A one-year-old boy found alone in a closet in a hot apartment. Mom tells police she's done the same thing on a daily basis. A day after this situation, there are no arrests and no charges in the case. It's a situation that upset many of you.
Police say the mom left the one-year-old toddler alone in a closet while she ran the boy's father to work. Maintenance men found the toddler in 90 degree heat while checking out the air conditioner. Police didn't immediately arrest her.
Tuesday, Lt. Alan Prince said, "This is an example where she just needs to be educated as a parent the right and wrongs of raising a child, which they will do, they'll make sure she gets the proper information and help she needs."
Sadly this case isn't unique. On Monday, Johnson County officers arrested a Lenexa woman for child abandonment after she left her child alone in a house. They say she expected to be gone for several hours. Tuesday, Wichita Police turned the baby boy found in the closet over to his grandparents.
In the last 24 hours we've heard from you on Facebook and Twitter and through email. You wanted to know, why there had been no arrests?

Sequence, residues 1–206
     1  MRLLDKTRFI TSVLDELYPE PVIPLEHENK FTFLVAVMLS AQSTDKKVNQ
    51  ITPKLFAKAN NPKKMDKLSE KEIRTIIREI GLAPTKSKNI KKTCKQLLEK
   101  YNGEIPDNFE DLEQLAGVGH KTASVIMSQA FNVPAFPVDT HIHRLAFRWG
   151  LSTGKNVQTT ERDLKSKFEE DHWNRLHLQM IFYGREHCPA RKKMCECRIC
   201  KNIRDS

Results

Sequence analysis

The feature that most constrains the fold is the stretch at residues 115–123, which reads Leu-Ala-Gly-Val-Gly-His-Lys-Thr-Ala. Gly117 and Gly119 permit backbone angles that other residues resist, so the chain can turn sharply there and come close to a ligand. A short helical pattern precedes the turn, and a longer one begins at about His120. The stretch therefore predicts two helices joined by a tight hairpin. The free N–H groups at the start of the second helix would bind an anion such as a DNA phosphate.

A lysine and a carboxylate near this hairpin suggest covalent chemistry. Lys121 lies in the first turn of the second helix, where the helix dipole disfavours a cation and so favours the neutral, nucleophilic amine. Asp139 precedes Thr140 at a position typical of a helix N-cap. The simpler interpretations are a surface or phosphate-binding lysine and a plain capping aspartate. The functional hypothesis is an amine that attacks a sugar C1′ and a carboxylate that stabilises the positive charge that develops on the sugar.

So we asked the police, the District Attorney's Office and the Kansas Department of Children and Families (DCF). Both police and DCF social workers tell us it's not up to them to decide.
"We wouldn't participate in whether or not the DA's office would file charges," said Brian Dempsey, DCF Director of Prevention and Protection Services. "Our role is to assess the family. and our goal is to safely keep children in the home."
In a written statement, Sedgwick County District Attorney Marc Bennett said his office reviews each case individually and "whether an alleged instance of neglect rises to the level of child abuse is based on the totality of the facts available."
That will most likely include an assessment from DCF social workers.
"We look at the risks that that family may be exhibiting and whether or not we can control those risks," said Dempsey. "And then, at the end of that, we look at the safety of the child."
We took a closer look at Kansas law. There is a charge called "child endangerment." It's either a misdemeanor or a felony, depending on the circumstance. It says if you intentionally, recklessly cause or permit a child to be placed in a situation where their life, body or health is endangered you could be charged.
Again, it will be up to the District Attorney's Office to decide whether to do that in this case. We'll keep asking about it. Count on us to let you know what happens.
For now, the boy has been removed from his parents' custody and is staying with grandparents. Whether he is permanently removed from his parents' care would be up to the family court system to decide.